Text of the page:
10/20/2010, 00.00
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Islamic fundamentalism rising in Egypt, government suspends 12 TV channels

The decision is taken because channels were broadcasting shows that incited religious hatred, including murder. Pro-Coptic associations complain about an atmosphere of growing intolerance.

Cairo (AsiaNews/Agencies) – Egypt's state-owned Nilesat has temporarily suspended 12 television channels for promoting religion hatred, violence and quack medicine, the information minister said on Tuesday. "This decision was taken after extensive study that indicated a near doubling of these channels over the past year and a recent spike of extremist religious discourse," Anas Al-Feki said in a statement.

“Among the most egregious of these violations are repeated broadcast calls by extremist presenters for the excommunication, banishment and murder of Shiites and the promotion of so-called 'herbal cures' for cancer and hepatitis B and C," he said.

An additional 20 channels were given citations. The move comes after Nilesat dropped five channels it said promoted religious intolerance.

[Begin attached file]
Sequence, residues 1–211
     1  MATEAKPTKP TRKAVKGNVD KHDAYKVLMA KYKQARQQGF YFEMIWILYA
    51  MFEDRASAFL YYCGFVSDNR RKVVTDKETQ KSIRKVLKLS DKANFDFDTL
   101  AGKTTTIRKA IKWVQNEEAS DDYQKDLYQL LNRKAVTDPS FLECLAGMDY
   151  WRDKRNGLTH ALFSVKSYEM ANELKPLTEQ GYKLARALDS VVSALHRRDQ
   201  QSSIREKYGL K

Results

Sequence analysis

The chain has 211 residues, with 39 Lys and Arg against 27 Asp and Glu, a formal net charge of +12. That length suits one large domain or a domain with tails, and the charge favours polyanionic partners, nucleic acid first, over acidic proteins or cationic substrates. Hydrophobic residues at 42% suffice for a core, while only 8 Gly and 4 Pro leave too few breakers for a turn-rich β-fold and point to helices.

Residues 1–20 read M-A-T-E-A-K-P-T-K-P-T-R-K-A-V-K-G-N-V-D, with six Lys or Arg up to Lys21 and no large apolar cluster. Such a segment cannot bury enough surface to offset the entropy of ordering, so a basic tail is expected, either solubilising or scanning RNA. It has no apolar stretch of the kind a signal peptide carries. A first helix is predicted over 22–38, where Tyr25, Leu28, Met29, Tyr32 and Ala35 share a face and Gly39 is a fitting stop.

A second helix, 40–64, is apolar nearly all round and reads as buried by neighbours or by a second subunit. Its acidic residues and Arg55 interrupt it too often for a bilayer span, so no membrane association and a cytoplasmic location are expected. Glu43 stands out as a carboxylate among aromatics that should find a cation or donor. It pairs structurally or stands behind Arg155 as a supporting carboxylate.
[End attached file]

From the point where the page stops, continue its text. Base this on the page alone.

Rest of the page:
Upcoming elections in November are contributing to a tense situation in terms of inter-faith relations.

US-based Coptic Solidarity noted an “alarming upsurge of significant anti-Coptic activities over the recent weeks”.

The Coptic rights group is concerned that daring incitements might turn into a wave of generalised violence.

The incidents include a series of “wild demonstrations" in Cairo and other cities, the latest on 8 October, in which demonstrators demanded the delivery of a Coptic priest’s wife, whom they claim had converted to Islam.

Despite “vehement affirmations” that the conversion rumours are baseless, leaders of the demonstrations vowed to carry on with more mob outbursts and “other daring means” until the woman is handed over.

In another recent incident, an Islamic book publisher printed a "forged Bible" that the Coptic Church said amounted to blasphemy and religious intolerance.

The owner of the Islamic Enlightenment Publishing House, Abuislam Abdullah, wrote in the introduction of the publication that the goal of printing the text was to “prove” there are multiple versions of the Bible and that Christians had “forged theirs.”

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